Relationship between lithotripter ownership, usage complex

January 1, 2011

Two independent studies exploring how lithotripter ownership might affect urologists' choice of treatment for stone disease seem to provide conflicting results, although neither of the studies directly assessed individual practice patterns for lithotripter utilization.

Chicago-Two independent studies exploring how lithotripter ownership might affect urologists' choice of treatment for stone disease seem to provide conflicting results, although neither of the studies directly assessed individual practice patterns for lithotripter utilization.

Both studies were presented at the 2010 World Congress of Endourology and SWL in Chicago.

To explore the impact of expanded physician lithotripter ownership, urologists from the University of Michigan, Ann Arbor, took advantage of a "natural experiment" that was created in their state when two large mobile lithotripsy providers formed Michigan subsidiaries in 2005 and 2006 and offered partnership interests to practicing urologists. Over half of Michigan urologists took advantage of the opportunity, whereas previously, lithotripter ownership was low due to the state's stringent Certificate of Need requirements.

No decrease in URS procedures seen

Comparisons of patient characteristics showed that relative to patients who had URS in the post-expansion period, there were statistically significant differences in mean age, Charlson score distribution, race, and primary payer. However, the absolute magnitudes of the differences were small and not clinically significant. Rates of URS per 100,000 U.S. patients showed a slight increase in 2006 and 2007 after lithotripter ownership expansion.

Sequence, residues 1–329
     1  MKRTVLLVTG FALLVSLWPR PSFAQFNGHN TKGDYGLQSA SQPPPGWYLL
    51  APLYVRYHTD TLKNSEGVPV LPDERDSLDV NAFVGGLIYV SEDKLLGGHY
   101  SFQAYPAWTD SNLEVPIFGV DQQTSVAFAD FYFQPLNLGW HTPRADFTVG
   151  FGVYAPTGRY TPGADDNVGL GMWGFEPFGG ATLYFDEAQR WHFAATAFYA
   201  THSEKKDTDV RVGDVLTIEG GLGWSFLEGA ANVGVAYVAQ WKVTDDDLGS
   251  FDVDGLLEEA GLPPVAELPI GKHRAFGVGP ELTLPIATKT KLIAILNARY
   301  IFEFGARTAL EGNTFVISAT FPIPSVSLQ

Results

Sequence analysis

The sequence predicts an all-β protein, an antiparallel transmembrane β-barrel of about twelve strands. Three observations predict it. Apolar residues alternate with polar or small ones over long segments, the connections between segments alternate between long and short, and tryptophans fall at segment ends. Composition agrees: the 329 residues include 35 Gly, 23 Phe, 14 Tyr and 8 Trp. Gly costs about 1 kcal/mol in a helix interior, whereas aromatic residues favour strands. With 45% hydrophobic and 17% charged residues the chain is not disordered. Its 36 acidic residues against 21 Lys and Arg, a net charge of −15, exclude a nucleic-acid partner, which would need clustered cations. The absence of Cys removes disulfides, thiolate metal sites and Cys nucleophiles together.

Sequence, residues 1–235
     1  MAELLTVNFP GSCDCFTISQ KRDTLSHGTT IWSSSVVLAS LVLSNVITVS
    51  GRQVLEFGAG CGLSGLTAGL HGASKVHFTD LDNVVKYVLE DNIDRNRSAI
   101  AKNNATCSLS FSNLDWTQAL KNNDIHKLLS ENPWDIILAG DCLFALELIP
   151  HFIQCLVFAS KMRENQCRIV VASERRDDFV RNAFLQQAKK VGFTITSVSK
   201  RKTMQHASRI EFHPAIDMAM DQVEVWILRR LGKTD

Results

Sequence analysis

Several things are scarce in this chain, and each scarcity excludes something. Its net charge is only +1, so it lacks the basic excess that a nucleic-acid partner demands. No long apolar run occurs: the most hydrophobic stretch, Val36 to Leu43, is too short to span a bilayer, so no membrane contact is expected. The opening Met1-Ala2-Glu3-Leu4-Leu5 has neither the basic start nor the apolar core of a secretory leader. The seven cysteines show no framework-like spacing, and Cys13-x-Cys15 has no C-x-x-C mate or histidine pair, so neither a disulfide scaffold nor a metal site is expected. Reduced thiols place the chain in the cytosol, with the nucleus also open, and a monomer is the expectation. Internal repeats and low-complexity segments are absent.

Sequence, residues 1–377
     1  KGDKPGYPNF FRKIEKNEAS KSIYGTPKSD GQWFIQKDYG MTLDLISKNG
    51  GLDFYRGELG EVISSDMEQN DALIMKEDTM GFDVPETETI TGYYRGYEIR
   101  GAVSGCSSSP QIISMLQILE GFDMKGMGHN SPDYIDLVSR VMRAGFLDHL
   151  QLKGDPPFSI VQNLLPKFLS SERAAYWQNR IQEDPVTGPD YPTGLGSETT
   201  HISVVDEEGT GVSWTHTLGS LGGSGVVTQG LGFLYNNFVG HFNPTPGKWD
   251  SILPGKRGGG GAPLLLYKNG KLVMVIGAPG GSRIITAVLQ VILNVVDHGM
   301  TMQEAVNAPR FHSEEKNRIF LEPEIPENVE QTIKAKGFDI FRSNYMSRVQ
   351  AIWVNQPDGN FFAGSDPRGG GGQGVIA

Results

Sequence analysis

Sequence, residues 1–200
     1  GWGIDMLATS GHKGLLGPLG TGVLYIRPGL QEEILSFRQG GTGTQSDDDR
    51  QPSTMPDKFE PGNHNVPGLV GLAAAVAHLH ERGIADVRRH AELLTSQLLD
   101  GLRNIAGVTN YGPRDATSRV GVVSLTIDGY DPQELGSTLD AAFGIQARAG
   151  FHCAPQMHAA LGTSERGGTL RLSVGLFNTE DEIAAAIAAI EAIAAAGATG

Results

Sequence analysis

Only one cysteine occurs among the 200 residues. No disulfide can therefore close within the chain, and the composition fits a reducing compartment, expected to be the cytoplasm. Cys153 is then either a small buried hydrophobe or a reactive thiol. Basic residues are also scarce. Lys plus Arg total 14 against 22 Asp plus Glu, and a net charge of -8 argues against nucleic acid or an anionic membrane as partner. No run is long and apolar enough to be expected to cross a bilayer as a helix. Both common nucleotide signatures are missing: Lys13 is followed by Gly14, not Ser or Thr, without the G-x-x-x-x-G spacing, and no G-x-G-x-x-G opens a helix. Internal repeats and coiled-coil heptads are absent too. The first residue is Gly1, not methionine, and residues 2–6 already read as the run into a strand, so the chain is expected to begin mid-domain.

"However, our study has limitations. It did not capture URS utilization in free-standing ambulatory surgery centers, although this likely does not affect the validity of our findings considering available data indicate URS is preferentially performed as hospital-based outpatient surgery. In addition, our findings are population-based, and so it is possible that individuals with lithotripter partnership shares may have decreased their use of URS," Dr. Hollingsworth said.

The rates of URS were also compared with data from Florida, a state known to have a high penetration of physician lithotripter ownership prior to 2004. These analyses showed that while the absolute rate of URS was higher in Michigan than in Florida during the study interval, the temporal trend was similar in the two states.

"Another possible concern about our study design was that the absence of any decrease in the rate of URS may not capture the whole story if in fact URS utilization was increasing at a more rapid rate elsewhere in the country," Dr. Hollingsworth explained.

In a related study, Mayo Clinic researchers sent electronic surveys to 600 urologists who were members of the American Medical Association, querying them about factors they thought were important in the treatment of stone disease, what treatment they would choose in various clinical scenarios (SWL, URS, percutaneous nephrolithotomy, or stent placement with conservative management), ownership/stock interest in a lithotripter or holmium laser, and holmium laser availability at their hospital.